"Since (massive importing of rice), we small farmers have never been paid over our production costs," Lee wrote. "What would be your emotional reaction if your salary dropped to a half without understanding the reason?"
"Farmers who gave up early have gone to urban slums. Others who have tried to escape from the vicious cycle have met bankruptcy due to accumulated debts," he continued. "For me, I couldn't do anything but just look around at the vacant houses, old and eroding. Once I went to a house where a farmer abandoned his life by drinking a toxic chemical because of his uncontrollable debts. I could do nothing but listen to the howling of his wife. If you were me, how would you feel?" asked Lee, a former president of the Korean National Future Farmers' and Fishermen's Association.
The plight of small farmers described by Lee is by no means confined to South Korea.
Despite their professed devotion to free-trade principles, major economic powers--particularly the European Union (EU) and the United States--have used their influence in the WTO to retain the ability to subsidize their agricultural producers, which they continue to do at the rate of some US$300 billion a year.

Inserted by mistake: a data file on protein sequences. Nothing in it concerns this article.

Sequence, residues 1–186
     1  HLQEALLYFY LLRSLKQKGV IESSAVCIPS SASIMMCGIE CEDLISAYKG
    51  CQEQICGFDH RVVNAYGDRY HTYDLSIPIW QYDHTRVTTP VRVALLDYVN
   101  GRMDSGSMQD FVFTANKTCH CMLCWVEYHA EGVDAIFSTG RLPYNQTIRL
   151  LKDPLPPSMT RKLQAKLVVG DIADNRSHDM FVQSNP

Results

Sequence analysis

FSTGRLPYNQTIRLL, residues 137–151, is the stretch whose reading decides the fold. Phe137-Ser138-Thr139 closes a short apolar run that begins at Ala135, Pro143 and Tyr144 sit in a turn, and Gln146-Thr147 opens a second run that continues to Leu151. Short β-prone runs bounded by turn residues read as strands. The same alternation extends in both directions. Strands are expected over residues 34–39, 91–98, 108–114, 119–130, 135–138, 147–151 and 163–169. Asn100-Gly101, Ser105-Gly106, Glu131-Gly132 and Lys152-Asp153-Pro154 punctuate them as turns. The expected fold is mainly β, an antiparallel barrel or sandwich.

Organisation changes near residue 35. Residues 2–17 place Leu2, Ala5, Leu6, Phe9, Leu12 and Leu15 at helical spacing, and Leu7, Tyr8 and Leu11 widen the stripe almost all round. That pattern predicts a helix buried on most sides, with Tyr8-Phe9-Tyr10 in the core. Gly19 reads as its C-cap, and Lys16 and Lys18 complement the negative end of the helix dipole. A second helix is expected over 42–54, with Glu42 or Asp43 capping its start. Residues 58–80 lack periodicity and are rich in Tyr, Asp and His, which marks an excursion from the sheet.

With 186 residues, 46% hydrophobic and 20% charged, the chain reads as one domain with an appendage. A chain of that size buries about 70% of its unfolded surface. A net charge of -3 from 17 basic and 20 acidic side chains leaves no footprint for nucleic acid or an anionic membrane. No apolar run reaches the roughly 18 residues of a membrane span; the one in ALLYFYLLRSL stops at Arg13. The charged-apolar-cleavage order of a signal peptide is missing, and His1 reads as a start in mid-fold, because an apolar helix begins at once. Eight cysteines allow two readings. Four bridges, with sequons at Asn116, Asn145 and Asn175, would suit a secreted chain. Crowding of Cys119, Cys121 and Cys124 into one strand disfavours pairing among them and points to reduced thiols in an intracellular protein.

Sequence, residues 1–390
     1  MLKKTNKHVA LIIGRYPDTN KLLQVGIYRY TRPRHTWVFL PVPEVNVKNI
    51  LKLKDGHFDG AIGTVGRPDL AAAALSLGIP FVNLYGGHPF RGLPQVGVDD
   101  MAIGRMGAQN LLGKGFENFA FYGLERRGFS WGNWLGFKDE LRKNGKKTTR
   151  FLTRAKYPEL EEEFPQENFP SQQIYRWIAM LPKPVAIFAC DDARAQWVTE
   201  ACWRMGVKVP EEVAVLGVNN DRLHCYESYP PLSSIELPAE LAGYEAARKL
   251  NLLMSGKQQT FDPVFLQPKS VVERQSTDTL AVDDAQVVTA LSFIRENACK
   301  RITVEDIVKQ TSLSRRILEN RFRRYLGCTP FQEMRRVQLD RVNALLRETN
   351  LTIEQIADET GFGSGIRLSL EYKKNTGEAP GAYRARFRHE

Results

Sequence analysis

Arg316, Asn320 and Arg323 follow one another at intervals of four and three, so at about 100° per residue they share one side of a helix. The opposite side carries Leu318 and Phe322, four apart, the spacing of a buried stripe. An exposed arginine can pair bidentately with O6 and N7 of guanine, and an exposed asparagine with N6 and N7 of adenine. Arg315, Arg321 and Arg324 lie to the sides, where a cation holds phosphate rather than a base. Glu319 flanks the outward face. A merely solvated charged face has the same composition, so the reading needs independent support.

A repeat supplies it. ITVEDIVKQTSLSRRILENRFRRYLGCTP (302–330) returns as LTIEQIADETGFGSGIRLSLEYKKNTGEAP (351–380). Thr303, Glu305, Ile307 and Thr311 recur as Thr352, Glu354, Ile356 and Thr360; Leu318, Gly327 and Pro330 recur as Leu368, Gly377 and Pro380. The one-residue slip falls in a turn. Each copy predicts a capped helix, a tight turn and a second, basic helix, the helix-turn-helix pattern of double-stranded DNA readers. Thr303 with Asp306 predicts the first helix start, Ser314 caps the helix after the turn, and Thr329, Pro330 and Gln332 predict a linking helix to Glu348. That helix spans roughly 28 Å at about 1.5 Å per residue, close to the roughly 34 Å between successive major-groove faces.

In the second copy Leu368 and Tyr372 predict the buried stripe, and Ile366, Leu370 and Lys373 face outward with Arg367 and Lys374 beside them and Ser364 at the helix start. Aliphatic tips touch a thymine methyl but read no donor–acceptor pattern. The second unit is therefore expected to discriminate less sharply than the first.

These subsidies have enabled the EU and the U.S., in particular, to flood much of the rest of the world with their food exports at prices that are far below the actual costs of production, making it even more difficult for small farmers in poorer countries, including South Korea--which has become the highest per capita consumer of U.S. farm products in the world--to compete.
Similarly, since the signing of the North American Free Trade Agreement (NAFTA), which required Mexico to lower tariffs on a range of agricultural goods, corn imports from the U.S. have increased 20-fold, threatening, and, in some cases, destroying, the livelihoods of millions of small farmers, many of whom have migrated to the U.S. in search of work, since work is harder to find in Mexico itself.
Thus it was no surprise that most of the small farmers who marched with Lee Wednesday were from maize-producing regions in Mexico. ''I believe that farmers' situation in many other developing countries is similar," his statement said. "We have in common the problem of dumping, import surges, lack of government budgets (support), and too many people."
In a message to indigenous peoples gathered to protest in Cancun, the leader of Mexico's peasant-based Zapatista Front agreed, saying: "The products we sell are not given a fair price, while their products' prices go up all the time. Everything the poor buy is more and more expensive, and only a few people benefit and live better, while millions of poor men and women and children die of hunger and sickness."
Indian activist Vandana Shiva told the marchers that 650 farmers committed suicide in just one month.
The protests, sombered by Lee's death, will continue through the end of the WTO meeting Sunday.
"General elections could be envisaged as soon as possible, between now and spring 2004," he added.
Copyright 2003 OneWorld.net